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Microsoft to introduce Windows Media 7

The company is set to show off its latest media technology in hopes of edging past competitor RealNetworks in the battle for Internet audio and video software dominance.

Microsoft today will show off new Windows Media technology in hopes of edging past competitor RealNetworks in the battle for Internet audio and video software dominance.

As previously reported, Microsoft will unveil its technology at this week's National Association of Broadcasters convention in Las Vegas. The updates are tailored for training professionals; computer users with high-speed, or broadband, connections to the Internet; and content providers concerned about copyright protection.

The technology will be released in test form as Windows Media 7 in May. Like RealNetworks' Jukebox software, the new Windows Media Player organizes, stores and plays digital media on personal computers.

The Windows Media updates come as Microsoft plays a hardscrabble game of catch-up with RealNetworks, which has thus far dominated the consumer market for streaming media players.

According to recent measurements from Nielsen/NetRatings, Microsoft came in third in Internet users' choice of audio-video Internet software for the month of November, accounting for only 3.2 percent of consumers' choices.

RealNetworks' RealPlayer was the choice of 12.1 percent of consumers, and Apple's QuickTime was chosen by 7.4 percent.

But few analysts doubt that Microsoft is chipping away at its rivals' leads, and with today's announcements, the company seeks to demonstrate that it is bringing its considerable engineering resources to bear.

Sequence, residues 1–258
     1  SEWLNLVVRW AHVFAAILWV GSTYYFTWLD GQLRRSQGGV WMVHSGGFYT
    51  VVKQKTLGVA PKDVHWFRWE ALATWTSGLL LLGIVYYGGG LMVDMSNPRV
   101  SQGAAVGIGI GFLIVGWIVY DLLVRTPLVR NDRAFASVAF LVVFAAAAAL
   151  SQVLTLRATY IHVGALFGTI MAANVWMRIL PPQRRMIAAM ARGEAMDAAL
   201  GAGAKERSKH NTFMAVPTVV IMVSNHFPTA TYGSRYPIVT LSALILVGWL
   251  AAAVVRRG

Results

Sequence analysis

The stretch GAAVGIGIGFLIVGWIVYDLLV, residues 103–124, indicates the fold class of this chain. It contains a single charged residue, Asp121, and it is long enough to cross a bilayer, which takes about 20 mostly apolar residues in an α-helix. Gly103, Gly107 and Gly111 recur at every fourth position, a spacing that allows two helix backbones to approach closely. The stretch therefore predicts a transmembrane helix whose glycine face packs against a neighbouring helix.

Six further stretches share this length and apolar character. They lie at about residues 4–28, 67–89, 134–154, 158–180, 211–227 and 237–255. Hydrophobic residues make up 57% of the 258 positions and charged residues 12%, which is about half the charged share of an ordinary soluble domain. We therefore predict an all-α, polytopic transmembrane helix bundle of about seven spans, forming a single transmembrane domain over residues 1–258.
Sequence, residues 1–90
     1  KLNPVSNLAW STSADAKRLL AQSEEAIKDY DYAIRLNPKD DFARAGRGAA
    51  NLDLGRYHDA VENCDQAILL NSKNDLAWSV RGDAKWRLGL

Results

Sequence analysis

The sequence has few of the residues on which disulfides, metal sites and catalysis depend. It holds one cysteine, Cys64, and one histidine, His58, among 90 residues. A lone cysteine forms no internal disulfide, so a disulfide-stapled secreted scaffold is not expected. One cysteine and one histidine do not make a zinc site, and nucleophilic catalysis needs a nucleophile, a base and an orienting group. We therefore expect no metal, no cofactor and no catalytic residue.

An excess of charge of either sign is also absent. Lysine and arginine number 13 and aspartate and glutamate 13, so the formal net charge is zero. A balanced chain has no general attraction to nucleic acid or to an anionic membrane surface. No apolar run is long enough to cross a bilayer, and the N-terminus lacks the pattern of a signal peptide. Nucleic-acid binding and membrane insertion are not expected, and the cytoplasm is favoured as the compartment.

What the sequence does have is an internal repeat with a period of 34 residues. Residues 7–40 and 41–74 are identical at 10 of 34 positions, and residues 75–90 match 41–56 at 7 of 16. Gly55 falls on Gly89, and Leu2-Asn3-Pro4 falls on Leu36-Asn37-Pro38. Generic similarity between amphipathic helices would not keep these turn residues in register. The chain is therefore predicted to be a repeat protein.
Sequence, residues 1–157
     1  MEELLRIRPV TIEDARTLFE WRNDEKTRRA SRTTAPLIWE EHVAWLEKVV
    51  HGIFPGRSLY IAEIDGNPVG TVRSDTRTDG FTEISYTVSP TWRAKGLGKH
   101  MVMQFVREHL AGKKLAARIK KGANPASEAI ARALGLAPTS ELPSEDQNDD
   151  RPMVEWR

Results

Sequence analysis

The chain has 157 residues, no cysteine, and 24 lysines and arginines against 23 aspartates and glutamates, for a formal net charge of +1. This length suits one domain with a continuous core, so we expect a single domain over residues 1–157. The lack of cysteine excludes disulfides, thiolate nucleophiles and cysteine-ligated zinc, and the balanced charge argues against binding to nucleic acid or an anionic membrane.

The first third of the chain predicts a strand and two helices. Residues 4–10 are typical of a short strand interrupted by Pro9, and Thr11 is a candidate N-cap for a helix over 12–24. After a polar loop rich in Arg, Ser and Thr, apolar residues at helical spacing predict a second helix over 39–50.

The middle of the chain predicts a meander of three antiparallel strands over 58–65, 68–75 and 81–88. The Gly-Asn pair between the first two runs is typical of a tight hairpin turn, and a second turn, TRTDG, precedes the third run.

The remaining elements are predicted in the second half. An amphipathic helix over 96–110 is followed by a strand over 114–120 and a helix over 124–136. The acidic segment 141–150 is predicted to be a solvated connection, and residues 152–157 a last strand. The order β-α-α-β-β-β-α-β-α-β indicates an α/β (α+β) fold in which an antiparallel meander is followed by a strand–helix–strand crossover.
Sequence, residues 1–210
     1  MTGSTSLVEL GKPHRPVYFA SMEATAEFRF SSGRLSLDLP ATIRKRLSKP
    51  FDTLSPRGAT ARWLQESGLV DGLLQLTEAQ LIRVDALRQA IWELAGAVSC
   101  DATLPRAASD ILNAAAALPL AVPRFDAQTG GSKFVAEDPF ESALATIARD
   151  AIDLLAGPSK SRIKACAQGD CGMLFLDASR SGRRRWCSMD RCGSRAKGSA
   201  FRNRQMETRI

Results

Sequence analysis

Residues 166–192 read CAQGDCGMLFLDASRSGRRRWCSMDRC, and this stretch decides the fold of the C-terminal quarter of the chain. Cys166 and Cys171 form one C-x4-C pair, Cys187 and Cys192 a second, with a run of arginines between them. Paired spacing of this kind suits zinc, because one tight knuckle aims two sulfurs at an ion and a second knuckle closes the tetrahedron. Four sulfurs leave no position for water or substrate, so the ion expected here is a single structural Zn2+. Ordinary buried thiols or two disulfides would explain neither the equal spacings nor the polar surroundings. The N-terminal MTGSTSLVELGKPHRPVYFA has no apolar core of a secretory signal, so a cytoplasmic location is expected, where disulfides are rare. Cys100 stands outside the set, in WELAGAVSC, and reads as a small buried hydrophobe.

The company says that its latest update will display a frame rate of 60 frames per second over a 300-kbps (kilobits per second) connection and faster. That compares with 30 frames per second in existing players, according to Microsoft.

Calling Windows Media 7 a "broadband-ready media platform," Microsoft's general manager of marketing for digital media, Dave Fester, said the company is preparing for a mass migration to broadband connections.

"With WindowsMedia.com, we're seeing about 25 percent of visitors to the site selecting broadband content as the default," Fester said. "The whole market is moving very, very rapidly to broadband, and we're going to be positioned to be there."

Microsoft is plugging the increase in video frame rates as a step toward the convergence of TV and Internet media, suggesting that Internet broadcasters can deliver video quality comparable to that seen on traditional broadcast networks.

The company also is updating its digital rights software for letting content providers add security protections against illegal copying. One addition to the Windows Media Rights Manager is "secure audio path" technology, which protects audio content at every step of the way, from the server to the listener's computer.

Another feature of the Rights Manager will let content providers establish "business rules." These will let publishers set parameters for use, such as how many times a video can be watched or whether a credit card account can be automatically billed.

A third addition to the Windows Media Player is Windows Media Screen, which lets people such as technical instructors or software demonstrators stream screen captures, or a series of still shots, of the computer desktop.

Microsoft also will offer a new software developer's kit, tools that let Web developers customize Windows Media Player technology.